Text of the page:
The equations are an exception to the prescribed specifications of this template. You will need to determine whether or not your equation should be typed using either the Times New Roman or the Symbol font (please no other font). To create multileveled equations, it may be necessary to treat the equation as a graphic and insert it into the text after your paper is styled. Number equations consecutively. Equation numbers, within parentheses, are to position flush right, as in (1), using a right tab stop. To make your equations more compact, you may use the solidus ( / ), the exp function, or appropriate exponents. Italicize Roman symbols for quantities and variables, but not Greek symbols. Use a long dash rather than a hyphen for a minus sign. Punctuate equations with commas or periods when they are part of a sentence, as in



Note that the equation is centered using a center tab stop. Be sure that the symbols in your equation have been defined before or immediately following the equation. Use ***INVALID BYTE SEQUENCE HERE***(1)***INVALID BYTE SEQUENCE HERE***, not ***INVALID BYTE SEQUENCE HERE***Eq. (1)***INVALID BYTE SEQUENCE HERE*** or ***INVALID BYTE SEQUENCE HERE***equation (1)***INVALID BYTE SEQUENCE HERE***, except at the beginning of a sentence: ***INVALID BYTE SEQUENCE HERE***Equation (1) is . . .***INVALID BYTE SEQUENCE HERE***

## Some Common Mistakes

The word ***INVALID BYTE SEQUENCE HERE***data***INVALID BYTE SEQUENCE HERE*** is plural, not singular.

The subscript for the permeability of vacuum ?0, and other common scientific constants, is zero with subscript formatting, not a lowercase letter ***INVALID BYTE SEQUENCE HERE***o***INVALID BYTE SEQUENCE HERE***.

In American English, commas, semi-/colons, periods, question and exclamation marks are located within quotation marks only when a complete thought or name is cited, such as a title or full quotation. When quotation marks are used, instead of a bold or italic typeface, to highlight a word or phrase, punctuation should appear outside of the quotation marks. A parenthetical phrase or statement at the end of a sentence is punctuated outside of the closing parenthesis (like this). (A parenthetical sentence is punctuated within the parentheses.)

A graph within a graph is an ***INVALID BYTE SEQUENCE HERE***inset***INVALID BYTE SEQUENCE HERE***, not an ***INVALID BYTE SEQUENCE HERE***insert***INVALID BYTE SEQUENCE HERE***. The word alternatively is preferred to the word ***INVALID BYTE SEQUENCE HERE***alternately***INVALID BYTE SEQUENCE HERE*** (unless you really mean something that alternates).

Do not use the word ***INVALID BYTE SEQUENCE HERE***essentially***INVALID BYTE SEQUENCE HERE*** to mean ***INVALID BYTE SEQUENCE HERE***approximately***INVALID BYTE SEQUENCE HERE*** or ***INVALID BYTE SEQUENCE HERE***effectively***INVALID BYTE SEQUENCE HERE***.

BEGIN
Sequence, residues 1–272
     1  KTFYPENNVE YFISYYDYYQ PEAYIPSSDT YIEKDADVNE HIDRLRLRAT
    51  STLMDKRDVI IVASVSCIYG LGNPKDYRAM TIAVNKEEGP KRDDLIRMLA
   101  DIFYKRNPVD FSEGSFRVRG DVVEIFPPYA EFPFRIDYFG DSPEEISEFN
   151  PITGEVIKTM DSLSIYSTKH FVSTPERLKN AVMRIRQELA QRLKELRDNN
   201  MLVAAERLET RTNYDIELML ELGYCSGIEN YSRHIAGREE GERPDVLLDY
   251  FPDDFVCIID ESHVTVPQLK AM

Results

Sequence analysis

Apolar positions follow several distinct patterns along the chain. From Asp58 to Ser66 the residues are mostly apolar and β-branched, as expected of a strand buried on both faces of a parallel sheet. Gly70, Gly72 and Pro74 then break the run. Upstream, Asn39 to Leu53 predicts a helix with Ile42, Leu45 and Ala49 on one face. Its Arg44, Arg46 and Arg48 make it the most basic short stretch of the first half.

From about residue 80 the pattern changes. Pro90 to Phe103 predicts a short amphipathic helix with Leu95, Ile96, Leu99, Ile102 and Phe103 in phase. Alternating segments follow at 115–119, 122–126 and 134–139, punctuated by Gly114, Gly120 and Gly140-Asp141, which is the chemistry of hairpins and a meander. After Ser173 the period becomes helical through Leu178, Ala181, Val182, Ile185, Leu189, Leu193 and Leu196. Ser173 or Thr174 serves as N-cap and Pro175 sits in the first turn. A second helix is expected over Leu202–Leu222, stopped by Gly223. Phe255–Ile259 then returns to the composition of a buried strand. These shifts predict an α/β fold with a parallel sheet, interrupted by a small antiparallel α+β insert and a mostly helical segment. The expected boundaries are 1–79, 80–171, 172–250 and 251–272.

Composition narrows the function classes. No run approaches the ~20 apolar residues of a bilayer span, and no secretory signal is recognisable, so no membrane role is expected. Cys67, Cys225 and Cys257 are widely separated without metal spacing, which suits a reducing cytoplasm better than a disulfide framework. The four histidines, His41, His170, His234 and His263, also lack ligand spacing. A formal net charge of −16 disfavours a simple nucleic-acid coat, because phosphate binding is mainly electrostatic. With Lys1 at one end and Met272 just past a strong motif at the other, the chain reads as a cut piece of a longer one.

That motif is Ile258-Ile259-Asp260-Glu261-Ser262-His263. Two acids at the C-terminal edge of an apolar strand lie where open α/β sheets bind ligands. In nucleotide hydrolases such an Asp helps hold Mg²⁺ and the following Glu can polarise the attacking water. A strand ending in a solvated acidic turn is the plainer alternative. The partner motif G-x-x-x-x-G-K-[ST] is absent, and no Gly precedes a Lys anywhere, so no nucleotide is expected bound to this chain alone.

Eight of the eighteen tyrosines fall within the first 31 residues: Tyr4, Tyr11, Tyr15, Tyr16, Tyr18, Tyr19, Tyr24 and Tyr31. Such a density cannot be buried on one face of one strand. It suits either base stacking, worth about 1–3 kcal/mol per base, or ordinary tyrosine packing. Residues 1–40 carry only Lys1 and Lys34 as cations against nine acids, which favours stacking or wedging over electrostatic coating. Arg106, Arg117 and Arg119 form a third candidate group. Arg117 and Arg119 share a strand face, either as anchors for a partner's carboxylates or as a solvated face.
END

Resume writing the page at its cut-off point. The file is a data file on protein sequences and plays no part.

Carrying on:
In your paper title, if the words ***INVALID BYTE SEQUENCE HERE***that uses***INVALID BYTE SEQUENCE HERE*** can accurately replace the word ***INVALID BYTE SEQUENCE HERE***using***INVALID BYTE SEQUENCE HERE***, capitalize the ***INVALID BYTE SEQUENCE HERE***u***INVALID BYTE SEQUENCE HERE***; if not, keep using lower-cased.

Be aware of the different meanings of the homophones ***INVALID BYTE SEQUENCE HERE***affect***INVALID BYTE SEQUENCE HERE*** and ***INVALID BYTE SEQUENCE HERE***effect***INVALID BYTE SEQUENCE HERE***, ***INVALID BYTE SEQUENCE HERE***complement***INVALID BYTE SEQUENCE HERE*** and ***INVALID BYTE SEQUENCE HERE***compliment***INVALID BYTE SEQUENCE HERE***, ***INVALID BYTE SEQUENCE HERE***discreet***INVALID BYTE SEQUENCE HERE*** and ***INVALID BYTE SEQUENCE HERE***discrete***INVALID BYTE SEQUENCE HERE***, ***INVALID BYTE SEQUENCE HERE***principal***INVALID BYTE SEQUENCE HERE*** and ***INVALID BYTE SEQUENCE HERE***principle***INVALID BYTE SEQUENCE HERE***.

Do not confuse ***INVALID BYTE SEQUENCE HERE***imply***INVALID BYTE SEQUENCE HERE*** and ***INVALID BYTE SEQUENCE HERE***infer***INVALID BYTE SEQUENCE HERE***.

The prefix ***INVALID BYTE SEQUENCE HERE***non***INVALID BYTE SEQUENCE HERE*** is not a word; it should be joined to the word it modifies, usually without a hyphen.

There is no period after the ***INVALID BYTE SEQUENCE HERE***et***INVALID BYTE SEQUENCE HERE*** in the Latin abbreviation ***INVALID BYTE SEQUENCE HERE***et al.***INVALID BYTE SEQUENCE HERE***.

The abbreviation ***INVALID BYTE SEQUENCE HERE***i.e.***INVALID BYTE SEQUENCE HERE*** means ***INVALID BYTE SEQUENCE HERE***that is***INVALID BYTE SEQUENCE HERE***, and the abbreviation ***INVALID BYTE SEQUENCE HERE***e.g.***INVALID BYTE SEQUENCE HERE*** means ***INVALID BYTE SEQUENCE HERE***for example***INVALID BYTE SEQUENCE HERE***.